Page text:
Public Indebtedness and Fiscal Policy Restructuring for Socio-Economic Development
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The flow of finance across national boarders is not an exclusively twentieth century phenomenon (Korner, Maass et al. 1987). In the Middle Ages and later, in the early modern era, when credit operations and modern banking were gradually beginning to develop, state spending was often financed with foreign money (Korner, Maass et al. 1987). While countries such as England, the USA, Canada and Australia were able to initiate self-sustaining development based on foreign loans, the developing countries were already caught in the debt trap in the 19th century (Korner, Maass et al. 1987). The acquisition of foreign loans by developing countries to reduce poverty and underdevelopment has often plunged them into debt crises. As a consequence, debtor countries were subjected to international financial control by IMF and the World Bank. Since the mid-1970s an increasing number of developing countries have turned to IMF and negotiated an economic stabilization program in order to receive loans from IMF and the World Bank. In the early 1980s public debt in developing countries raised questions concerning the ability of developing countries to service their debt, and Ghana was not an exception. Public debt had grown exponentially and the budget deficit continued to increase. Debt servicing continued to absorb significant public revenue. It became apparent that public debt posed serious threats to socio-economic development. Unsustainable public debt and poor economic growth in the 1980s necessitated the implementation of a Structural Adjustment Program by the IMF and the World Bank. As the economy of Ghana recovers from the economic decline to the path of economic growth, public debt continues to increase considerably. It is imperative to understand the policy roots and structural mechanism that caused high public debt and its impact on socio-economic development in Ghana.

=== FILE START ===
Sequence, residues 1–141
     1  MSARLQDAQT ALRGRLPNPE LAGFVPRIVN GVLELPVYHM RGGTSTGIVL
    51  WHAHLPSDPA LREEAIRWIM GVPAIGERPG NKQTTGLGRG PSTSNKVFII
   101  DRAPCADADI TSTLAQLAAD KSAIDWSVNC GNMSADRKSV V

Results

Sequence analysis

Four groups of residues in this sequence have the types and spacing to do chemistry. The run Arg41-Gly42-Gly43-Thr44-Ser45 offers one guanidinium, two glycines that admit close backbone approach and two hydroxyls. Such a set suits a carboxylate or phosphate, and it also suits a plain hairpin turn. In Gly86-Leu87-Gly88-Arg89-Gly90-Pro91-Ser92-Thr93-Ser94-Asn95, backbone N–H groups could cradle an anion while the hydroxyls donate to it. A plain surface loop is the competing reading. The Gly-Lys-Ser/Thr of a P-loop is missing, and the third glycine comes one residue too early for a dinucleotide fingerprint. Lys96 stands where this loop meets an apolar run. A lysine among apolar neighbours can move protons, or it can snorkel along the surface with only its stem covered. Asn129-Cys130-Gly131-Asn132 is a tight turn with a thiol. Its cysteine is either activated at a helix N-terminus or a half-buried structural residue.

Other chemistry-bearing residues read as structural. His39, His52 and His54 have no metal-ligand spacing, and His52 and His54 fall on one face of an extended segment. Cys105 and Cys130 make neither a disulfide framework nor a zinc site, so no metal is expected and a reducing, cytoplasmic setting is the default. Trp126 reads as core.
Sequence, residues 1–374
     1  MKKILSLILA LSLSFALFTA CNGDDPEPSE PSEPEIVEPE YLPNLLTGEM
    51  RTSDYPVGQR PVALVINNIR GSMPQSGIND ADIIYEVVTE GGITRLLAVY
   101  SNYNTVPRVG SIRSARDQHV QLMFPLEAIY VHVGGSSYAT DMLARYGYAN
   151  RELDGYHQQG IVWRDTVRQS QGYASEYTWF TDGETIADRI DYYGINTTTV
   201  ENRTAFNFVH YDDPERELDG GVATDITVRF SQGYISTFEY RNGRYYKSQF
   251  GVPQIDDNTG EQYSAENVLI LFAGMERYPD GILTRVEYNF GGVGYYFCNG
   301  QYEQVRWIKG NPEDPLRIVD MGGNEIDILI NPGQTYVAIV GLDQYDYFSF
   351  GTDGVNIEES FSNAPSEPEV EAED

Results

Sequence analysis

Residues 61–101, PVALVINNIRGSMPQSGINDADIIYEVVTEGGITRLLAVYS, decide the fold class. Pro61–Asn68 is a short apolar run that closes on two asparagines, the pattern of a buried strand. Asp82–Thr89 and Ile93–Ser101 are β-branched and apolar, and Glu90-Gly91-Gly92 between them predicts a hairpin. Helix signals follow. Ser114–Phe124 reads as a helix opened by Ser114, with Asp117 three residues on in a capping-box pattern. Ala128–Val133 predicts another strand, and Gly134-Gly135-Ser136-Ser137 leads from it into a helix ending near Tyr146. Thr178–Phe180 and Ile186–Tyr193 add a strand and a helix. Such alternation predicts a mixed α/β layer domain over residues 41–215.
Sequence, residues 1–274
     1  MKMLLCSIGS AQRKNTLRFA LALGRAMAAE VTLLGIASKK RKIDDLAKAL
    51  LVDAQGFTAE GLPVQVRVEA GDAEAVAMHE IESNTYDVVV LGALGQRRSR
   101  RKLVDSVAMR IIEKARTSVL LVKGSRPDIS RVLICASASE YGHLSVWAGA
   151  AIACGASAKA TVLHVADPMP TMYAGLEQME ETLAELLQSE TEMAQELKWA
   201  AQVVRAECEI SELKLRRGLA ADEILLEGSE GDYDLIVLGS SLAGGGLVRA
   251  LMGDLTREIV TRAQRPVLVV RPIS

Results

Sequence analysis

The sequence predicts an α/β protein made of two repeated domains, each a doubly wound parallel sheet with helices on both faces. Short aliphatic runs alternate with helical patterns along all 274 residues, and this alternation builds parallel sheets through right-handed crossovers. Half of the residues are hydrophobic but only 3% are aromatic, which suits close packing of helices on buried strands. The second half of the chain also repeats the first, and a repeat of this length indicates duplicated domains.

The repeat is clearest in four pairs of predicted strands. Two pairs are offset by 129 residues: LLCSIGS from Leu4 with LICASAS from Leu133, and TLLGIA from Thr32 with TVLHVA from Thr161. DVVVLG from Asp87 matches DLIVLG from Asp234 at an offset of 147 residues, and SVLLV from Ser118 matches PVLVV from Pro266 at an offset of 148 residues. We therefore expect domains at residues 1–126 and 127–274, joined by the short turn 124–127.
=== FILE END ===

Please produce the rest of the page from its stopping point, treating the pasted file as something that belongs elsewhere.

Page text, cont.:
Paper 1: Ansah, J. P.; Qureshi, M. A., 2009, System Dynamics model of debt accumulation in developing countries: the case of Ghana and Pakistan. Full text not available in BORA.Paper 2: Ansah, J. P., 2009, The Dynamics of Public Indebtedness in Ghana. Full text not available in BORA.Paper 3: Ansah, J. P.; Grosser, S., 2009, Economic Growth Accounting: Counterfactual Policy Analysis of Transitional Dynamics. Full text not available in BORA.Paper 4: Ansah, J. P., 2009, Modeling the Dynamics of Poverty Traps and Debt Accumulation. Full text not available in BORA.Paper 5: Ansah, J. P., 2009, Negotiating Fiscal Sustainability against Socio-Economic Development: A Model-Based Policy Analysis. Full text not available in BORA.Paper 6: Ansah, J. P., 2009, Causal Analyses: Public Debt and Structural Adjustment. Full text not available in BORA.
PublisherThe University of Bergen
John Pastor Ansah